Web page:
New Delhi, Nov 28(ANI): The Border Security Force (BSF) has taken all-weather fool-proof security measures along the Harami Naala creek in the disputed Sir Creek area, in the coastal region of Kutch in Gujarat.
Addressing the media in the national capital on Saturday, Director General of BSF Rama Srivastava, said that certain speciality vehicles have been inducted to maintain round the clock vigil along the creek.
Harami Naala is a strangely situated creek at the east end of Sir Creek. It starts from the Indian side and after crossing the G-Pillars which dot Sir Creek to serve as international maritime border with Pakistan, it flows into Pakistan to return to Indian side at the demarcated border pillar in the Great Rann of Kutch.
Explaining the topographical aspects Srivastava assured that there is no possibility of intrusion by any fishermen through the Harami Naala from Pakistani side.
"The waters of Harami Naala are accessible only from Pakistan. So, fishing boats can enter Indian Territory by moving into Harami Naala, doing fishing and going back. This strip does not connect with any strip of water in India. So, nobody can come in India through Harami Naala. They can come into Harami Naala, stay there and go back," Srivastava said.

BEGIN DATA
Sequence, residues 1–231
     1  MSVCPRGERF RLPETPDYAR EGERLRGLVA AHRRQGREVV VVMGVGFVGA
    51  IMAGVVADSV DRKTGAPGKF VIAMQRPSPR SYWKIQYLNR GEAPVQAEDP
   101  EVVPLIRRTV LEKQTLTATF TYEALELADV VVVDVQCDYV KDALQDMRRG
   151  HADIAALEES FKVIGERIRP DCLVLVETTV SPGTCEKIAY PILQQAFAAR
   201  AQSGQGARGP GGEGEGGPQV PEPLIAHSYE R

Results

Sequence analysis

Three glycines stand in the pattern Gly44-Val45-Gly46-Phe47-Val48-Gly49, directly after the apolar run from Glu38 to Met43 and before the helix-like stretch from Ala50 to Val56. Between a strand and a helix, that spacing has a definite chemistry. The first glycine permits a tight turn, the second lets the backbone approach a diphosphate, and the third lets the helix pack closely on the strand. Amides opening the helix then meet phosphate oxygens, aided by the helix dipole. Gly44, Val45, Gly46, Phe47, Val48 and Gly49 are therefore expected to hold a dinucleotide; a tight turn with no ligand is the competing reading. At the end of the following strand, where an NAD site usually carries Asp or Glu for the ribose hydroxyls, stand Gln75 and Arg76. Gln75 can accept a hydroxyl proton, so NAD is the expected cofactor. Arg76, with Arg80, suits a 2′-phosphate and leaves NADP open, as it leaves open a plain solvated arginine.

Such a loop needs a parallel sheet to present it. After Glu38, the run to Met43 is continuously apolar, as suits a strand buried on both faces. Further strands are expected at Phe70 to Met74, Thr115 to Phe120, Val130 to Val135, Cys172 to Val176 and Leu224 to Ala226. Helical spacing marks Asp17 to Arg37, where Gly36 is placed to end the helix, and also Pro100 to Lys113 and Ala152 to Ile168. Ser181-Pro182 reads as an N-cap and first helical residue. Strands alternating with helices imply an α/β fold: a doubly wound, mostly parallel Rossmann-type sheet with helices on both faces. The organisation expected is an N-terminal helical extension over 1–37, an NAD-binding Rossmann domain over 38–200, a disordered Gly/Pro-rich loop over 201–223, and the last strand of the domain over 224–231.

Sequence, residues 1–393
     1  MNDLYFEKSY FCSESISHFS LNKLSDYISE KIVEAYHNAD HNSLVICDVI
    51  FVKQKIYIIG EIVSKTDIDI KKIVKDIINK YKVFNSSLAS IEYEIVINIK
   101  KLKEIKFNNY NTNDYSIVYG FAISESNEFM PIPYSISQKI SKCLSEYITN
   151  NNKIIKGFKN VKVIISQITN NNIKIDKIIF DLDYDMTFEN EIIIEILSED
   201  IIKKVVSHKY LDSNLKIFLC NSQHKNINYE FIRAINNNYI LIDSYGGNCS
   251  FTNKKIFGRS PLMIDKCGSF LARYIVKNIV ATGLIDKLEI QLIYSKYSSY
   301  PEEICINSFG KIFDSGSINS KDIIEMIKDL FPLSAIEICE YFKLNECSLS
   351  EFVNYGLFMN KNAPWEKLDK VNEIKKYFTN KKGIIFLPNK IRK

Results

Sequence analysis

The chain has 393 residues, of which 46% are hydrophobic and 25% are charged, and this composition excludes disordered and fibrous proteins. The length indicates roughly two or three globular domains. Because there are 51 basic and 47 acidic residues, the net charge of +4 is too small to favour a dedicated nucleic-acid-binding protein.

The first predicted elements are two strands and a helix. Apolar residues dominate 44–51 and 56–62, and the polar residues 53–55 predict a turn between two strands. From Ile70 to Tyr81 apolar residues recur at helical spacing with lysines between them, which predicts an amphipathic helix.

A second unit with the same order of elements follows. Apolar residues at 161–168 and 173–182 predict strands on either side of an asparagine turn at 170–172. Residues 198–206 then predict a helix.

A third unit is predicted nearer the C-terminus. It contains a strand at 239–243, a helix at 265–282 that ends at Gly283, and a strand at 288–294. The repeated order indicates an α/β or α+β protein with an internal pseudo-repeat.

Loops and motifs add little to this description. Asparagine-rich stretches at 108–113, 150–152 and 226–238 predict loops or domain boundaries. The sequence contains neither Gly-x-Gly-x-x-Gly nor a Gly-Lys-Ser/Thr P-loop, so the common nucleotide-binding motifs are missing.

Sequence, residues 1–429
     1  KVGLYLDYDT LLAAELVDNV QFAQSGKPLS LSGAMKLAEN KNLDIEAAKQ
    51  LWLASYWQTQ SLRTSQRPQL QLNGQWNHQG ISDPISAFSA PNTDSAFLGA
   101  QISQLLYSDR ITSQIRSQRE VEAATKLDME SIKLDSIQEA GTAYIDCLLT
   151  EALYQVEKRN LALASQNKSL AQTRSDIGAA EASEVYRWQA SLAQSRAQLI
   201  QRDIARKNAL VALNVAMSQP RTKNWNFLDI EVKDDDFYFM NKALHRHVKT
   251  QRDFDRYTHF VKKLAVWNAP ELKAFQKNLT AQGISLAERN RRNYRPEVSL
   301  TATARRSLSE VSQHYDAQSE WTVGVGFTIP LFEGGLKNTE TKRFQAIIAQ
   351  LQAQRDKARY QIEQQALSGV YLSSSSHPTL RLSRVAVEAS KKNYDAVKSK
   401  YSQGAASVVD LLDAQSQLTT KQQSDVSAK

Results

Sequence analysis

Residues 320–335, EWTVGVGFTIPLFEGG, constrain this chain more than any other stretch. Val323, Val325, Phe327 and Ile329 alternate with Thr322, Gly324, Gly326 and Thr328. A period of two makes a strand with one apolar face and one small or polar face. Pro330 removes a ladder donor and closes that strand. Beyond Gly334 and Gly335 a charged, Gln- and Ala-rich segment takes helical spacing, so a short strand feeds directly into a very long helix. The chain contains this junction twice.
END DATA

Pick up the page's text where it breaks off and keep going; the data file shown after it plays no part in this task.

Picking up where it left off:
The Naala, which spreads to the creek areas of the Indian side and remains marshy and inundated over an area of over 500 square kilometres, is normally inaccessible for the BSF. Hence a specialised vehicle with odd manoeuvring capabilities is being launched for them to access it, the BSF chief added.
"The problem is that the terrain in that area is such that India and our forces cannot access Harami Naala for a certain period during the year. Because of the terrain being such, no vehicle can access that area. Now we are going in for all terrain vehicles. It is a specialised vehicle which can operate in the Harami Naala condition, which can help us to reach Harami Naala even during those parts of the year, when we cannot access it," he said. (ANI)